Additionally, in a case in point for the opponents of the United States’ Worlds team selection process, Meili’s 1:05.64 (albeit in prelims) would have won the gold medal at these world championships.  Russia’s Yuliya Efimova swam away with the top prize today in Kazan in a time of 1:05.66, so indeed Meili would instead be standing on top of the podium, in theory, had she potentially been given the chance to contest her best event in Kazan – though it’s worth acknowledging that Pan Ams didn’t come with the fatigue of a three-round, semi-final format.

This is a similar, though not identical, phenomenon we saw in the women’s 100 fly earlier in the meet. Kelsi Worrell’s Pan Ams best would’ve netted her a medal at Worlds, yet no American made the final in that event either.

Throughout the remainder of these World Championships, Meili may prove to not be the only case of the “early selection” blues.  However, the shimmer of hope to those lamenting the lack of an American in today’s finals is that there is a big talent getting primed and ready to rock come Rio.

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Lane Four

For all of the years I have been either a participant or spectator, I will never understand the selection process United States swimming has adopted for choosing international teams a year out from the competition. I am sincerely hoping that the powers that be will wake up and listen why so many are against choosing a team a year out. Ironically, on the other hand, I remember back in 1982 when the United States World Championship team was chosen barely two weeks before the first race. This was not enough time to allow the athletes to recover and regroup from the pressure of the trials. As a result, the meet was a disaster – but Kazan is worse. Much worse.… Read more »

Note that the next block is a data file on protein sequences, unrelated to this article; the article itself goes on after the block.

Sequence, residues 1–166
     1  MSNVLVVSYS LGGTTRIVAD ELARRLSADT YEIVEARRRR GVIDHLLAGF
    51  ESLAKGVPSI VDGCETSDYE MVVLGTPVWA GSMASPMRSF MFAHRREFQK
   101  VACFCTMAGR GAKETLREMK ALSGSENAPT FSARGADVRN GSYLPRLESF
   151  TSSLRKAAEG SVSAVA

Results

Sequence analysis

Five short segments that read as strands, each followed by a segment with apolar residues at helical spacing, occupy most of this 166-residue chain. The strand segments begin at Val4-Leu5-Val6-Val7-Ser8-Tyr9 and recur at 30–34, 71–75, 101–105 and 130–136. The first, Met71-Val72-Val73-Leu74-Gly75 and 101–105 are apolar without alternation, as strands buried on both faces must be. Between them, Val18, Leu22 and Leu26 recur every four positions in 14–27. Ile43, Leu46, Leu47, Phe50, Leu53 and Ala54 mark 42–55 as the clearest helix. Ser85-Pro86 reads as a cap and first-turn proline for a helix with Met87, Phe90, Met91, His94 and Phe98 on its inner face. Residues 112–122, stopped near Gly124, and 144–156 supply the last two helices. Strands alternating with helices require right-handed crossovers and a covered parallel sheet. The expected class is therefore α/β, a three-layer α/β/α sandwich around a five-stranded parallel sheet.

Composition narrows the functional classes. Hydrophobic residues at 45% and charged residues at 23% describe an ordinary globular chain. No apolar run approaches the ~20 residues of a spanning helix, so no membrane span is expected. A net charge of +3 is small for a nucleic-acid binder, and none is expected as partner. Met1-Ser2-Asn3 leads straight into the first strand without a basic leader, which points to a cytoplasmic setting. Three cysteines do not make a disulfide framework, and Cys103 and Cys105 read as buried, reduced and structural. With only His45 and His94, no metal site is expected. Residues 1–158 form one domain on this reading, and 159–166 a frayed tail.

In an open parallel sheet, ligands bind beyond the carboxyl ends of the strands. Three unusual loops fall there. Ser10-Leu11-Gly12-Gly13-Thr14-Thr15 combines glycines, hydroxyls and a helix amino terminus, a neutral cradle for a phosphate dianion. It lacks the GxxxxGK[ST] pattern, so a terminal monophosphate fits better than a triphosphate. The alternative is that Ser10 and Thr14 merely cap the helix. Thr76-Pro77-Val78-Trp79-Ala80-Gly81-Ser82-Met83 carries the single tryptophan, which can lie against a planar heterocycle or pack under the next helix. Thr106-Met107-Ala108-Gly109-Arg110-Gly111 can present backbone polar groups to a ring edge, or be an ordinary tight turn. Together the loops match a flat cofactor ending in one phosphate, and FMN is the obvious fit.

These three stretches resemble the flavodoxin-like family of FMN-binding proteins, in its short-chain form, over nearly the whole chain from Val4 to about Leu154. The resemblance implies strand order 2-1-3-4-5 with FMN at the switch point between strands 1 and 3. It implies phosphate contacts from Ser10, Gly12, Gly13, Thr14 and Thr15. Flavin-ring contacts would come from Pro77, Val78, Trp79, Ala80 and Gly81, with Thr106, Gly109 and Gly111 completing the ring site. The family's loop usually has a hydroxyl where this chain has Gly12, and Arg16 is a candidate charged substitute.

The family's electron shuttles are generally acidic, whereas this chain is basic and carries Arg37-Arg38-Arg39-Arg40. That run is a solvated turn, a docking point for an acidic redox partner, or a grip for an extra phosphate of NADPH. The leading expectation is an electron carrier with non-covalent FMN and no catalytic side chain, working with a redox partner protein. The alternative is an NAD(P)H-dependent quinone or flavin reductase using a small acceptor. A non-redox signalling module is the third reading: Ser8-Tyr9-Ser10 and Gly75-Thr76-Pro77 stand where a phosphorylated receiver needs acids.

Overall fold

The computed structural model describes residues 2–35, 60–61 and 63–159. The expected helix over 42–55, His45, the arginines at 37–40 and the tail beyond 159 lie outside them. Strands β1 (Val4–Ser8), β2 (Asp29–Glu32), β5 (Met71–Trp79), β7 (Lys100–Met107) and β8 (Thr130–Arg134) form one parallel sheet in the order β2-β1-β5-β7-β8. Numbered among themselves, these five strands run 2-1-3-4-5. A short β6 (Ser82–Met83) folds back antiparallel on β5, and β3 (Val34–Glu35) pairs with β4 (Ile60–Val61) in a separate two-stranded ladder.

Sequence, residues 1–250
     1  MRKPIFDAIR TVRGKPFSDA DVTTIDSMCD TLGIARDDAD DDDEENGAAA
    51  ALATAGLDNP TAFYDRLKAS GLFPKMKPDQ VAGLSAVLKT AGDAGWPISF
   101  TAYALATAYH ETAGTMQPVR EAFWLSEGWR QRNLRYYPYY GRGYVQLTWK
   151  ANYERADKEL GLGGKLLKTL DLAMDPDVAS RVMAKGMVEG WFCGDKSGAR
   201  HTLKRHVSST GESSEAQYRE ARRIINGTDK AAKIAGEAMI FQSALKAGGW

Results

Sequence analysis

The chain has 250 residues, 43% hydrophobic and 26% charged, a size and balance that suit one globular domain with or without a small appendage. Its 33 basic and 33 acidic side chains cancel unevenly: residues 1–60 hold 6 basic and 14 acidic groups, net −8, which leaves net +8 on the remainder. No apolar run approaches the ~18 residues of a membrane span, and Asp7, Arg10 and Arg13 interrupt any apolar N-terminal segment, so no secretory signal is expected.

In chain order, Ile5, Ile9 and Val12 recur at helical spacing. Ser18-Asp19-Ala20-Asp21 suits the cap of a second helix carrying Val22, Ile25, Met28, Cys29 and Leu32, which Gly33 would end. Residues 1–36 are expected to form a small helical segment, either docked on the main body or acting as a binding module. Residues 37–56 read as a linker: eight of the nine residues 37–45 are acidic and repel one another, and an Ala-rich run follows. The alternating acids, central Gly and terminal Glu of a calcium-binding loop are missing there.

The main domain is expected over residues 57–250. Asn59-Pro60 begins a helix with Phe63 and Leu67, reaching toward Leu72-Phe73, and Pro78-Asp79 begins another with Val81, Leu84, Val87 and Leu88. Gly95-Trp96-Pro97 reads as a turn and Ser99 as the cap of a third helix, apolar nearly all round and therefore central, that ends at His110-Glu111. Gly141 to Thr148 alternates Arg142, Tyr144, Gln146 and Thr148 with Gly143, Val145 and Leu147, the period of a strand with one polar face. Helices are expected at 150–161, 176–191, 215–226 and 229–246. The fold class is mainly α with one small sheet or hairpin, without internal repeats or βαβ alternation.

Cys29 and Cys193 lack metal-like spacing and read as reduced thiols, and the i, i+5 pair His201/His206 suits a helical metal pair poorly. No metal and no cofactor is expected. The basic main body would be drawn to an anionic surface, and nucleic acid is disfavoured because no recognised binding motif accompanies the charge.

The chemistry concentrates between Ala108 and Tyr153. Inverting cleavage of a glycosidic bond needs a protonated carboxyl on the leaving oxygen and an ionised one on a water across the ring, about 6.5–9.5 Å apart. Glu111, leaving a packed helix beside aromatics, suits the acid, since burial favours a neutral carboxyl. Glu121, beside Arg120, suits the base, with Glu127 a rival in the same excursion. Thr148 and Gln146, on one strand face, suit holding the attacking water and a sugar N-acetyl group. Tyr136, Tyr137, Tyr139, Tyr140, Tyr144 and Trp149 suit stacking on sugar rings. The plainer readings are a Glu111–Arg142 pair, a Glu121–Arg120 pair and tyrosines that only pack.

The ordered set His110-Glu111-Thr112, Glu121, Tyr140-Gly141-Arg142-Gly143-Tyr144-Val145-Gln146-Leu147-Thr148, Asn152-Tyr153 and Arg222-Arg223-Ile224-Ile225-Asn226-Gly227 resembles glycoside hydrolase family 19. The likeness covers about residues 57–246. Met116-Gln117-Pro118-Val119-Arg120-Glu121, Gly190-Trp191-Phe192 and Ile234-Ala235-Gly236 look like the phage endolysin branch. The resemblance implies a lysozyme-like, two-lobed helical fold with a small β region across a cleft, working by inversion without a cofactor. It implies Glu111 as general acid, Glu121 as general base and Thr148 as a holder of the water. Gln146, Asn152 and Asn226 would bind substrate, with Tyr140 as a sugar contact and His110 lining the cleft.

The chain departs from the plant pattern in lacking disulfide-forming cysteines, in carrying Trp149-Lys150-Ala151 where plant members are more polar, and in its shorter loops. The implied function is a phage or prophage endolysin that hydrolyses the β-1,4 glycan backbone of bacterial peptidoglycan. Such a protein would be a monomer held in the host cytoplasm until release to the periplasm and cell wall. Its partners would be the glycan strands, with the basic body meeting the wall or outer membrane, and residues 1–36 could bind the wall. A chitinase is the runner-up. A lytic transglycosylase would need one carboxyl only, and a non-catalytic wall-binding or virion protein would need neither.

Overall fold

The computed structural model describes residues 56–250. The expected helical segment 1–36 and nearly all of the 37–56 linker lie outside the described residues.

Jim C

I have a partial solution. Instead of fifth or sixth best 100 and 200 free swimmers, if there is room for such, we might give coaches wild cards to select relay swimmers at a later date.

StuartC

Some thoughts/observations: Looking at all the swims so far, it appears that the team is swimming flat. They don’t look sharp and “race ready”! The Europeans appear to very “race ready”. I bet that many of the US swimmers go faster at Nationals because they will have done some racing and are getting sharper! Also, many of their best swims are in prelims and then they struggle in semi and finals. Are they not in the best shape or could it be their taper? It doesn’t appear that the taper they had worked OR could it be that they had USNationals on their minds and so didn’t fully taper? I find that hard to believe!BUT Do many of them have… Read more »

Kirk Nelson

My feeling is ‘flat’ swimming just tends to snowball for a team. If a team starts out on the wrong foot it’s often very difficult to recover.

About Loretta Race

Loretta Race

After 16 years at a Fortune 1000 financial company, long-time swimmer Retta Race decided to change lanes and pursue her sporting passion. She currently is Coach for the Northern KY Swordfish Masters, a team she started up in December 2013, while also offering private coaching. Retta is also an MBA …